Golden Glen

As seen in the October 2017 issue of Dalesman magazine.

On this late October evening the Glen beckons, for after many pilgrimages to its heights I know some of the delights that await me up there. This is the time of year when I most want to walk; when wanderlust is eloquent and insistent indoors and the autumn itch to pitch into the changing world of dapple-hue is unresolvable until treading through – and smelling – rich leaf-mould.

Golden_Glen1

I set out into a golden, wind-buffed dusk, which is arriving almost imperceptibly earlier than those of the preceding week: this hasty drawing on of the setting sun a signal that the year is preparing to clamber back into its gilding husk, to out-winter coming weathers. Not yet, I appeal with my footstep. I feel the merest nip of chill in the air at the end of my nose and in the tips of my fingers as I plot my course through the same-yet-not-same Saltaire village streets. The paving slabs are wet with dews – step-slicking – and, with the underbelly of the sky burnishing before my eyes, I fold myself into the nap of the wind and walk up through the wood’s unburdening of itself. Under oaks wrack-bent and twist-thrown, their leaves on the burn from yellow to auburn, the setting sun lights – there! – a strike as of a match, and sets the forest floor to fire. I scoop-gather some beech leaves as I go in bright but not yet brittled sheaves turned from green to red-gold.

Emerging from under the trees out onto the Shipley prairie of grasses, bracken and old ragged ragwort, I farewell my warbler companion who has followed my steps, always invisible in the depths of the trees, with his ooo-weet! ooo-weet! My steps plant golden into the old-grass ground and I catch my first sight of the dark monumental rocks laid down all-accidental-like in the thousands-of-years-ago glaciation. Rocks which up-rear themselves and fit the land between them, then fall off sharply, lipping the wooded ravine with their precarious-seeming precipices. Like the rocks, autumn up here is crisp and elemental: the wind flays the turf skins between and over the erratics in suck-cheeked frenzies, creating lips of grass that are trip-trickery to a walker’s boot. The bracken, bled of its summer green, is a brittle untidiness of antique rust, an ochre-brindled crust upon the earth. I have anticipated the desiccation of the bracken since walking the summer path between them, metres high, in arm-hoisted surrenders.

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All recalls summer; all looks on to winter. Autumn mixes a little of both in its strange alchemy. Scuff-footed, I walk these ancient stones towards the horizon, the sinking sun striking the clouds with fire behind me. My eye is drawn up high to a banking flock of birds – too high to tell what they are – but perhaps some of the number who leave us to our winter devices each year in elective desertions for warmer, more abundant climes. As my eyes complete their circuit, a sudden start caused by my step from grass to stone draws my gaze towards the fading heather. A shadow enlarged by the low-setting sun. Can it be? It is. A hare. A creature made to stand and stare at; all its energy gathered into its sprung limbs; its unearthly gold-rimmed eye daring my step. But I am stock-still in amazement at this late-in-the-day gift. I will not shift until it does. Don’t mess this up. Its ears are alert to me, upright and sun-bright in the long light of gloaming on the Glen; its tawny fur, caught by the rays of the dying sun, is part-scruffed in places from amorous boxing skirmishes. I hold its gimlet eye for a heart-stopping few moments, and then it musters in a flash and darts into dusk.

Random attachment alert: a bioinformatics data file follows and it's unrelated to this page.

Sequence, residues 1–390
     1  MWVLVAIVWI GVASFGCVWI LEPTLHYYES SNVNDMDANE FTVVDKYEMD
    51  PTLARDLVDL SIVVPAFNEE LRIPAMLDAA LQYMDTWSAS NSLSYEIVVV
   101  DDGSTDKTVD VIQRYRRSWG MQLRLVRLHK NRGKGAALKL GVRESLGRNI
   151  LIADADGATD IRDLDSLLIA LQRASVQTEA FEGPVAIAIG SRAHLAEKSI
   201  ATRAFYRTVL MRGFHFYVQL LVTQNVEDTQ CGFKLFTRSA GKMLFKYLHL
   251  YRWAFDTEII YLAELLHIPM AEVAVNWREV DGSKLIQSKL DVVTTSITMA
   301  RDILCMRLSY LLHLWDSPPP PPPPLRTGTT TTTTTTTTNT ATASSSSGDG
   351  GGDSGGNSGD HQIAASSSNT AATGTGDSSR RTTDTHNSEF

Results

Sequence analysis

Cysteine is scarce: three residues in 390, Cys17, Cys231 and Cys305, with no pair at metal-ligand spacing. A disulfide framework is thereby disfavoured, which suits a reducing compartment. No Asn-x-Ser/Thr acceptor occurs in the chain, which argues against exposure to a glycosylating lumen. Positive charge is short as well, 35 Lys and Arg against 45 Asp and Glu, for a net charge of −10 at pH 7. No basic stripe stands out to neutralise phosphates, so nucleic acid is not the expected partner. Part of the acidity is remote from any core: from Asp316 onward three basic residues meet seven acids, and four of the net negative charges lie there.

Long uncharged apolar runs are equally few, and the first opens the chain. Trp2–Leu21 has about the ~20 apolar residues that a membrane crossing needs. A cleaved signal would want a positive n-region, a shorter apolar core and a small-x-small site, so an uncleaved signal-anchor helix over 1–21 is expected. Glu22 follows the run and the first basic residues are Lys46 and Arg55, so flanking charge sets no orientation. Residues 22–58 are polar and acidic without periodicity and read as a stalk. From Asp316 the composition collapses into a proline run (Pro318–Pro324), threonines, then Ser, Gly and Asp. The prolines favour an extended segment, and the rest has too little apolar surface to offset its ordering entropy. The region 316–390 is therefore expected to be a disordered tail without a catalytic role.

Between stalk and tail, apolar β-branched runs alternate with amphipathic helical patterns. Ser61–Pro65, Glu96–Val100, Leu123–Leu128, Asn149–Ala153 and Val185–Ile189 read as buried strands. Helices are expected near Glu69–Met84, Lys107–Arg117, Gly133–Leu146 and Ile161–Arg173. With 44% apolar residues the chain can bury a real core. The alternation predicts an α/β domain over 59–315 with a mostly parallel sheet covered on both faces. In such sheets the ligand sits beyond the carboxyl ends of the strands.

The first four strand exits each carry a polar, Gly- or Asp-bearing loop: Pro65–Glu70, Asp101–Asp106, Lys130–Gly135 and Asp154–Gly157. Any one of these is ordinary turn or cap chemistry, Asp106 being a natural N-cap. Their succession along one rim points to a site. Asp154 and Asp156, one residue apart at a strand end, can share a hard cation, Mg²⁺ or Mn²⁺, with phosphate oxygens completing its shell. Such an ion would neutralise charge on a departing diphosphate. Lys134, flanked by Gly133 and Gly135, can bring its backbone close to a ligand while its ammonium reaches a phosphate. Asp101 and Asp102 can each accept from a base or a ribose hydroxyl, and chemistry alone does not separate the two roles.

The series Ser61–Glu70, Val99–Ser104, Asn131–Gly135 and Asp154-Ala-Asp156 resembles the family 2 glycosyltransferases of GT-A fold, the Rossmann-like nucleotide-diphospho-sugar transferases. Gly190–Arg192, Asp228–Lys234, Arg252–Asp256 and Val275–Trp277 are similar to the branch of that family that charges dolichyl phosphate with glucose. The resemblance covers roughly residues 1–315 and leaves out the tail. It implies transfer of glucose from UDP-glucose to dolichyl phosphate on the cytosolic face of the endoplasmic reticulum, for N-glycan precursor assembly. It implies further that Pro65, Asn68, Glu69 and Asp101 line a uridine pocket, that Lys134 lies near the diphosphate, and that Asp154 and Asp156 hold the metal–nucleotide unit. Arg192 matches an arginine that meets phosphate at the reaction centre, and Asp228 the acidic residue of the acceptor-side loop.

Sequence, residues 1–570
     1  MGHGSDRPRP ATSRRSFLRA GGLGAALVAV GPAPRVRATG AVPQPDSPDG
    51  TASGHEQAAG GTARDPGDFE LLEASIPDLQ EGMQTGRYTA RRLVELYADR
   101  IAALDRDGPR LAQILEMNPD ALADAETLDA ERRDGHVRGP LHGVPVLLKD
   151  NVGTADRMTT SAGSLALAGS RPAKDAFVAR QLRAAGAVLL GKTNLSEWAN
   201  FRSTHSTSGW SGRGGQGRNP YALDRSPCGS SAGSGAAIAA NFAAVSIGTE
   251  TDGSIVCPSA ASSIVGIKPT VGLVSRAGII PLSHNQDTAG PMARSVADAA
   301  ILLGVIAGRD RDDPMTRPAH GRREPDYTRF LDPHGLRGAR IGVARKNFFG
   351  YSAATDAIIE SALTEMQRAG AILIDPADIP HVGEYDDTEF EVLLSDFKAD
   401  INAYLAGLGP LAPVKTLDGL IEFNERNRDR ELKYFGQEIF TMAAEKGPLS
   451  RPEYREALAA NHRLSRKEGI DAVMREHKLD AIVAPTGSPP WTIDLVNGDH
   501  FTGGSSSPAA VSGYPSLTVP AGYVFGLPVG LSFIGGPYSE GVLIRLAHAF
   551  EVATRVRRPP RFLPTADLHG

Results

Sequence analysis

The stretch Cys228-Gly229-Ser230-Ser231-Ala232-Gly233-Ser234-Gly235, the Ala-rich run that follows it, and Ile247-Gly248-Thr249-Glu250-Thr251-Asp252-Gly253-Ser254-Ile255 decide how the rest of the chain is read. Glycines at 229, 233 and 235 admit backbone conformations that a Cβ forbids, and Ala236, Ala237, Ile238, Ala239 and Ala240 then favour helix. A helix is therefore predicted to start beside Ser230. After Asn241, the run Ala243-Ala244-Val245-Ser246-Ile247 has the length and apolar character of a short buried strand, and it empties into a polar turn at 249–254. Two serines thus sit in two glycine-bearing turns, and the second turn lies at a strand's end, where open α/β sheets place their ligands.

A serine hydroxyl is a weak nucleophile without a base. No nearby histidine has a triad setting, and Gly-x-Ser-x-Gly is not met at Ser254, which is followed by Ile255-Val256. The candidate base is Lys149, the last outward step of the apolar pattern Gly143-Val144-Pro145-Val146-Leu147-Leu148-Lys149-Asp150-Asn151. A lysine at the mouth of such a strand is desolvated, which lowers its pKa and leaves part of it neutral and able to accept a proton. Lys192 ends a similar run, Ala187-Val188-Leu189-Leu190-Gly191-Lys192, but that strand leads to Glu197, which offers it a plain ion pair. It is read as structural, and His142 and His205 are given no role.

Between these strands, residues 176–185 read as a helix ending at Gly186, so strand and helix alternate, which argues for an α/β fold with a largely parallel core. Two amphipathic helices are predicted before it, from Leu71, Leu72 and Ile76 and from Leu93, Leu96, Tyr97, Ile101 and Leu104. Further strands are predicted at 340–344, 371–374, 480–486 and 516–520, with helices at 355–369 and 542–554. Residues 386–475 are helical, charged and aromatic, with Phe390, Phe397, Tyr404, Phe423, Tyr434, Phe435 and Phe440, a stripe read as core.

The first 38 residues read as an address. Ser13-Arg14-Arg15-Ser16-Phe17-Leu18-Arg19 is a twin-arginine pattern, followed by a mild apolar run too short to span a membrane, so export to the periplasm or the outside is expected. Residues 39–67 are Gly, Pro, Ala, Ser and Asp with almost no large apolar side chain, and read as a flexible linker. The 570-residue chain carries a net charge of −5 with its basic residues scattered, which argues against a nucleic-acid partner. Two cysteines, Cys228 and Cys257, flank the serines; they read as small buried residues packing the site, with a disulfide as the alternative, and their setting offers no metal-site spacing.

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This is why I have chosen this end of the day – when the light is sunken, shadow-casting and there is magic at play over the trees. As I stop on top of one of the giant boulders overlooking the glen, made purblind by the wind whipping about and through me, I begin to feel the day slipping to its close. The trees stretched beneath me are shucking their summer clothes: sycamore propellers skate and skirl downwardly; acorns join the beech mast carpet; everything ensures its progeny. And somewhere beyond me, a hare leaps home.

 

12 thoughts on “Golden Glen

  1. There is so much I love about this post! Sometimes I run across perfect words and stop in admiration, to re-read and ponder and wonder why such words haven’t been joined before. Your “wrack-bent and twist-thrown” was such a phrase for me. Perfect.

    Liked by 1 person

    1. Thank you so much for those kind words, that’s so lovely to hear and very generous of you to say. I am very lucky to have places of such inspiration near me, and similarly the oaks in particular make me stop to wonder at them in all their glory 🙂

      Like

    1. Thank you! That’s a great compliment. I’ve just read your eclipse piece and loved it. So many things you said about the ennui of the modern age resonated with me. Happy walking to you too and I hope your ‘wild’ moments are frequent and full of wonder 😉

      Liked by 1 person

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